“Ranger Rick Nature Magazine” notified me April 18th that I’d get paid $150 for “Linda Lives on a Lookout.” It would be published next spring. They would pay extra for photos—my memory is that photos were taken by Dave Ohde.
On Wednesday when I went to Warm Mt. School to pick up children there was roadwork that delayed me. Rebecca had taken the bus to piano lessons but had to wait about 45 minutes for me to pick her up afterwards. Sandwiched in there someplace was cleaning the oven in a couple of phases. Thursday included cleaning the refrigerator and also signing some papers at the Joss House so they could hire a new intermittent ranger. Leslie Callahan came to take care of children that evening while Bob and I drove to Redding to attend the Shasta County Air Pollution Control Board meeting. We found out that those boards are supposed to have 2 lawyers and a chemical engineer, which they had. Ours had Bob, an electrical engineer; Rev. Richens, a Baptist minister; and Vic Rose, a mill owner.
The next day the high school wanted me to substitute but I had an appointment in Redding with the pediatrician to get Clarke’s feet checked. He was fine, no special shoes required—toeing in will correct itself. He walks fine with no shoes, but trips with shoes. The receptionist/nurse ”kept commenting on what beautiful children I had, which is always nice to hear. She was especially taken with Clarke because she has one about that age. She even brought some doughnuts for the children—they were so hungry.” The appointment waiting time was long. We went to the city park to eat lunch and afterwards they played on the equipment for a few minutes. But I had to drag them away so we could go to the shoe store. Right after we ate, Clarke immediately headed for the river and would “probably have walked right off the edge into it if I hadn’t been with him.” Got sandals for Rebecca, tennis shoes for Jeff and high tops for Clarke but had to get some that were too long in order to fit his narrow feet. Then went to a Baskin Robins for ice cream and a service station for drinking and bathroom. Then to Weaverville and the grocery store, then home—
All of us exhausted. Jeff slept most of the way home, Clarke part way. Clarke fell asleep after dinner while I was putting on his pajamas.
Bob took Mike and Erin Quinn out to the ranch to help dig ditches for gas lines. We were going to get a large tank and the gas company would install it and fill it. This would be hooked up to the stove, the hot water heater and the refrigerator, eliminating the butane tanks which we had to haul out on their sides, not a safe procedure. We were also going to get the generator adapted so it could be fueled from that tank rather than using car gas—which it used it large quantities and on which we had to pay highway taxes. The children and I went out about noon, taking lunches. Rebecca was coughing and droopy so we left not long after lunch.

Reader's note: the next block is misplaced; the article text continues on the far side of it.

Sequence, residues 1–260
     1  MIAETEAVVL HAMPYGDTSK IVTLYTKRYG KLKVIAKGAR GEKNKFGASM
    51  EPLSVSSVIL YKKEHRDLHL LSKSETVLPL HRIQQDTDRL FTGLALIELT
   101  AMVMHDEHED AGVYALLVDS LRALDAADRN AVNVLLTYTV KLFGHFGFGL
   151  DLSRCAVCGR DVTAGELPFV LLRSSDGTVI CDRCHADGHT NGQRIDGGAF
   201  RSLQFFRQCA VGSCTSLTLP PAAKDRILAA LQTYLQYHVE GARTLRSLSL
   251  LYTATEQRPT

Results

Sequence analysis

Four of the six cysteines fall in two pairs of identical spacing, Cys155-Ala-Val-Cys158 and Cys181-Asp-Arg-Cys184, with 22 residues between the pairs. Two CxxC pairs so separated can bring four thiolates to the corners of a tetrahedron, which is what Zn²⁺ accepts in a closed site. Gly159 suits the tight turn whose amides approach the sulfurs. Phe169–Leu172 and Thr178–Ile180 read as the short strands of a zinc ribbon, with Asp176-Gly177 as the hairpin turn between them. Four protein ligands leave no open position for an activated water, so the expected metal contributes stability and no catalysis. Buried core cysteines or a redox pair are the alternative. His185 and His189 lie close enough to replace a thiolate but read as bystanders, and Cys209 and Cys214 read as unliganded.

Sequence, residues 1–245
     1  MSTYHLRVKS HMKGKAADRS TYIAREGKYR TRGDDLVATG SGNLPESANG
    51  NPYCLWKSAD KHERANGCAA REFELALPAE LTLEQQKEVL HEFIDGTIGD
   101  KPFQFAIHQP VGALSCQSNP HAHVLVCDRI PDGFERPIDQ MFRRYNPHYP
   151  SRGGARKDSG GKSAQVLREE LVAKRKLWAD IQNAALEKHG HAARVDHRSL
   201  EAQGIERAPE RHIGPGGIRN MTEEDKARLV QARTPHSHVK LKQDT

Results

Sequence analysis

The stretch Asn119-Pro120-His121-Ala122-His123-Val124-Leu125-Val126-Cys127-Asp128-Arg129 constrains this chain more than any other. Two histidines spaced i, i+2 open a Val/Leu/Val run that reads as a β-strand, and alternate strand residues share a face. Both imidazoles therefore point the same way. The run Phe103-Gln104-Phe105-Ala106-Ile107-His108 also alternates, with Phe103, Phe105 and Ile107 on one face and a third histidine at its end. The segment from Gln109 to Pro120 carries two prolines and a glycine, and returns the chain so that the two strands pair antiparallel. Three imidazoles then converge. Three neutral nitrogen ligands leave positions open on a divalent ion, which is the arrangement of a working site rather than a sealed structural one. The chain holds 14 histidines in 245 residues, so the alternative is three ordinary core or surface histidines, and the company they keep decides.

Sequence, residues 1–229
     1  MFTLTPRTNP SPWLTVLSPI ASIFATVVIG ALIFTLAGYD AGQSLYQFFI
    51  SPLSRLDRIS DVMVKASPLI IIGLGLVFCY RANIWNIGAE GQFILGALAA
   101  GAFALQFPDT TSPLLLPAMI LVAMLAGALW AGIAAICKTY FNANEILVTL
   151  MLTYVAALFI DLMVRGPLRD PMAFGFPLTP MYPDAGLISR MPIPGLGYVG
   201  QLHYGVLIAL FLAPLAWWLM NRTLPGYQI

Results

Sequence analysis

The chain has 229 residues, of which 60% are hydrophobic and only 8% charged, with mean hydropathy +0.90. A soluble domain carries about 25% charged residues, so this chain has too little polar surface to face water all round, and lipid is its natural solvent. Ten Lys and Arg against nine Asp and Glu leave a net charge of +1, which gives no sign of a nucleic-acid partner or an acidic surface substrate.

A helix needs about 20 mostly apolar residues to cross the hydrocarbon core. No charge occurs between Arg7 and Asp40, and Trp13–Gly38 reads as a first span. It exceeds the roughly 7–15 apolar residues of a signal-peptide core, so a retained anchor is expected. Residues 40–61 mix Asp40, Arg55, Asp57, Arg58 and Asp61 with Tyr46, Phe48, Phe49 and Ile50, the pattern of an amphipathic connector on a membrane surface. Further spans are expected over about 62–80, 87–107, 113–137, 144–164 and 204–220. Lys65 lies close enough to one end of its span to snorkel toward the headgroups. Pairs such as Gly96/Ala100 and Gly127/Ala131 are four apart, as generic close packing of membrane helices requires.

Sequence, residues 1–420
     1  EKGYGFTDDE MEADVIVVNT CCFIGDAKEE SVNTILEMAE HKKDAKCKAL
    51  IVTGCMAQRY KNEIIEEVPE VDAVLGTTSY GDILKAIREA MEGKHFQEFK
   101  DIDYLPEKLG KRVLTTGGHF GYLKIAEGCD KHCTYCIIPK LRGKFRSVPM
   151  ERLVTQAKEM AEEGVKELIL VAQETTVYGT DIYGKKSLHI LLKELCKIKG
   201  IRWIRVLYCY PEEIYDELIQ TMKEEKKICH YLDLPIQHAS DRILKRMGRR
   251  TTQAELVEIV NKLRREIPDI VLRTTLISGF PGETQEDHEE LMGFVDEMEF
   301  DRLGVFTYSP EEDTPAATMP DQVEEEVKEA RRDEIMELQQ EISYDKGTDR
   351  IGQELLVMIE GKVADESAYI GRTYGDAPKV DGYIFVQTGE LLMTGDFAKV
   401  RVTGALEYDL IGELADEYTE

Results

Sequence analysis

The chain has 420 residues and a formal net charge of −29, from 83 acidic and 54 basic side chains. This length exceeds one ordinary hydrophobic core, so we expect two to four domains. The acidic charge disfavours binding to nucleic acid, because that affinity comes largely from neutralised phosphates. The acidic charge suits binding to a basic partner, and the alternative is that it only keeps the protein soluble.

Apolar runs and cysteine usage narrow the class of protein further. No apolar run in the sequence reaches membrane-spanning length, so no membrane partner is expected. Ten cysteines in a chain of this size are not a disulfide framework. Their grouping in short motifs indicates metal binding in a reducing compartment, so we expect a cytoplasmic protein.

“The wind was blowing in tremendous gusts. The apple trees were all in full bloom. Standing under them was wonderful—the odor and the sight. When the wind blew, showers of petals would drift down in my face and petals were scattered across the grass.” I did clear out the overflow ditch that ran beneath the apple trees. When we got home Rebecca’s temperature was 102 and she complained of a sore throat. Bob didn’t get home until about 8:00. I had made two pumpkin pies (and Jeffrey a little one of his own) during the afternoon so we had turkey, pumpkin pie, etc. “Thanksgiving!” I’d fixed the turkey Saturday but it wasn’t done in time for dinner so we’d eaten eggs.
Monday Rebecca’s temperature was still 102 in the morning. Florence stayed with the children for an hour so I could do some shopping for food and then took the boys so I could take Rebecca to the doctor. Rebecca stayed home from school Tuesday and Wednesday. Bob flew to Stockton Wednesday morning and then to Gardnerville, Nevada to interview an employee, getting home around 7 that night.
“These dinners that start (preparation) at 4:30 and last until 8:30 or later by the time the dishes are done are for the birds though.”
Rebecca and Jeff turned our little frog loose today. We raised it from an egg.
“Rebecca made some hand puppets out of socks and wrote an act of a play to go with them. She wants to finish it tomorrow. I’m supposed to substitute tomorrow afternoon and all day Friday. “
My dad installed a shower downstairs at their house and said my mother was really enjoying it. With the stroke she couldn’t get upstairs to use one.
Candy Fields stopped in for a few minutes the previous afternoon to loan me a book. It was part 3 of a 3-book diary by Anais Nin and she herself was deeply involved in the books.